James Cameron's Answer To Our Burning Titanic Question Is Simpler Than You'd Expect


Jack may have been king of the world, but countless “Titanic” fans will never forgive Rose or the film’s staff and crew for letting Jack die in the middle of the freezing-cold water.

When “Titanic” hit theaters in December 1997, no one knew how much the film’s ending would spark such a debate. The scene in question is the moment when Rose floats on the wooden door, as she leaves Jack to drown in the frigid waters. It was a cinematic moment that left many people in disbelief that such a large door could only withstand the weight of one of them.

Now almost 20 years later, the debate continues as people are still speculating that there was enough room on the make-shift raft for both members of the happy couple to survive. But when the film’s director was asked to weigh in on the years-old question, his answer wasn’t exactly what others were hoping for.

Unsatisfied with the lack of scientific evidence supporting the film’s decision to let Jack die in the middle of the sea, a group of teenage girls from Australia are doing the Lord’s work by proving both Jack and Rose could have floated away to their much-deserved happily ever after.

Abigail Wicks, Christy Zhang, and Julia Damato used their own research and mathematical formulas to help prove that Jack and Rose could have survived had they both hopped on the wooden door.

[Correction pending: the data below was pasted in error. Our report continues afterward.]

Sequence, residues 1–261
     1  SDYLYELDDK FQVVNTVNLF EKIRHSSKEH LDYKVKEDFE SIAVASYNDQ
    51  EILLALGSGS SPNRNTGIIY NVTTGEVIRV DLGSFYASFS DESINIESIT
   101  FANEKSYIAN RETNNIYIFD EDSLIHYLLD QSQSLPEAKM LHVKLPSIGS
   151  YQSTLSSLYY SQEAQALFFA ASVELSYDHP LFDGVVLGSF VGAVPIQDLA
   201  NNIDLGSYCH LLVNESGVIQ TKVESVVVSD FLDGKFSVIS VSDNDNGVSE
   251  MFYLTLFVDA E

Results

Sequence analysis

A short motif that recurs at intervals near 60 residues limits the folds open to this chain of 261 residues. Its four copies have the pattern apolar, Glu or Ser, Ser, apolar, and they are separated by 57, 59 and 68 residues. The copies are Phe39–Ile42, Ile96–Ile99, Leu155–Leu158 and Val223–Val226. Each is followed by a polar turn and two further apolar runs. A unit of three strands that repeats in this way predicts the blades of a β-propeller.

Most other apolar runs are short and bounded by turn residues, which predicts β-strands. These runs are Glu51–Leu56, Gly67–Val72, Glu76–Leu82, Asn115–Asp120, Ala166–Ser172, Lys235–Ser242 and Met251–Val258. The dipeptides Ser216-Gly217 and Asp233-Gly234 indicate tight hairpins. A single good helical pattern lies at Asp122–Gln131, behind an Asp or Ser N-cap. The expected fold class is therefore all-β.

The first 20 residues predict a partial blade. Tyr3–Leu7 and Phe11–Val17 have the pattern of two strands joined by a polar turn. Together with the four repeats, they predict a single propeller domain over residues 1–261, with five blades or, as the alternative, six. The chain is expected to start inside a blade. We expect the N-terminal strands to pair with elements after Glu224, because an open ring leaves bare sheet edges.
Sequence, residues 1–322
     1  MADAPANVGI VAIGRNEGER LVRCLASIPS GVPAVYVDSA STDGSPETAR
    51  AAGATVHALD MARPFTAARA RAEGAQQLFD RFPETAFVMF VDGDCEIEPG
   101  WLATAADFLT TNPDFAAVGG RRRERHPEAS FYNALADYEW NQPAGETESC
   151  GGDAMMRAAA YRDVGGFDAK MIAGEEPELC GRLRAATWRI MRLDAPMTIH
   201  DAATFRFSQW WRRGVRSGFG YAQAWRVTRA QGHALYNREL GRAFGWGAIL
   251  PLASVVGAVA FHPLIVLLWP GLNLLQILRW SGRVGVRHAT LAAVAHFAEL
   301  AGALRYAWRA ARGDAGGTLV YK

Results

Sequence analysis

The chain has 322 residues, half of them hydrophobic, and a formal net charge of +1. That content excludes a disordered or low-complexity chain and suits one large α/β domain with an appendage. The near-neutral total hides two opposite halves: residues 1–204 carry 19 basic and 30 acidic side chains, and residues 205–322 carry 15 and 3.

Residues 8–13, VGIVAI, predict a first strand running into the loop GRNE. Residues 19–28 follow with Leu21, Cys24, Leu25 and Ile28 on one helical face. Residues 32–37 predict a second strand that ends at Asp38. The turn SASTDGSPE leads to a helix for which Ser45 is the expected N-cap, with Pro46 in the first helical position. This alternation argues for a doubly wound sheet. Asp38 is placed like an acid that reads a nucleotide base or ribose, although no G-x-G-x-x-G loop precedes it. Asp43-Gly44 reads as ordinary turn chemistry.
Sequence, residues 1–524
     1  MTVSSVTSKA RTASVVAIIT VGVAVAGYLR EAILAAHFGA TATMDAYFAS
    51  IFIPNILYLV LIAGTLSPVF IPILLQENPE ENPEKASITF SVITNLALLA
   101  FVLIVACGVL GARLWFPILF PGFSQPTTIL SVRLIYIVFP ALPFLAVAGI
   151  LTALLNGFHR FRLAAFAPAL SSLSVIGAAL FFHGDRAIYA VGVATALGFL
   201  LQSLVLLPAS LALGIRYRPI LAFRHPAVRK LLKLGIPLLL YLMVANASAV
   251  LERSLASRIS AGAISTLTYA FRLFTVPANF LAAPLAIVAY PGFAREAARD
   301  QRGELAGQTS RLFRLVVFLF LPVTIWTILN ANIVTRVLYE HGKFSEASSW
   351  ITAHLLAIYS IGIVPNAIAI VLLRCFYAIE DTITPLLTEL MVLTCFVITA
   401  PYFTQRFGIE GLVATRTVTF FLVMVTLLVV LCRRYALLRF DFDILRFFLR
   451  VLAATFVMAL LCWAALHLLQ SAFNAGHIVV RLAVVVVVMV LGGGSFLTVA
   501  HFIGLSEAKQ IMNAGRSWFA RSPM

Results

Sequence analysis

The research revealed that had the couple taken off their lifejackets and placed them under the door for added support, they could have both made it out alive. The girls’ research even helped the teens receive the top spot for the Year 10 section of the National Maths Talent Quest.

But despite the recent scientific evidence, Titanic’s director James Cameron finally put the question to bed in a recent interview with “Vanity Fair.”

When asked “Why doesn’t Rose make room for Jack on the door,” Cameron responded with a truly anti-climactic answer. He told the reporter, “And the answer is very simple because it says on page 147 [of the script] that Jack dies. Very simple…”

Cameron then went on to say how “silly” it is that fans of the film are still asking the same question 20 years after the film’s release.

But while Cameron may not appreciate the film’s fandom and their obsession with the “door incident,” he did speak positively on the lasting effect the film had on its fans by saying, “But it does show that the film was effective in making Jack so endearing to the audience that it hurts them to see him die.”

(via Lad Bible and Time)

Well damn. That was a lot less climactic than I would’ve expected. Are you still salty about Jack’s death? Because I know I am.



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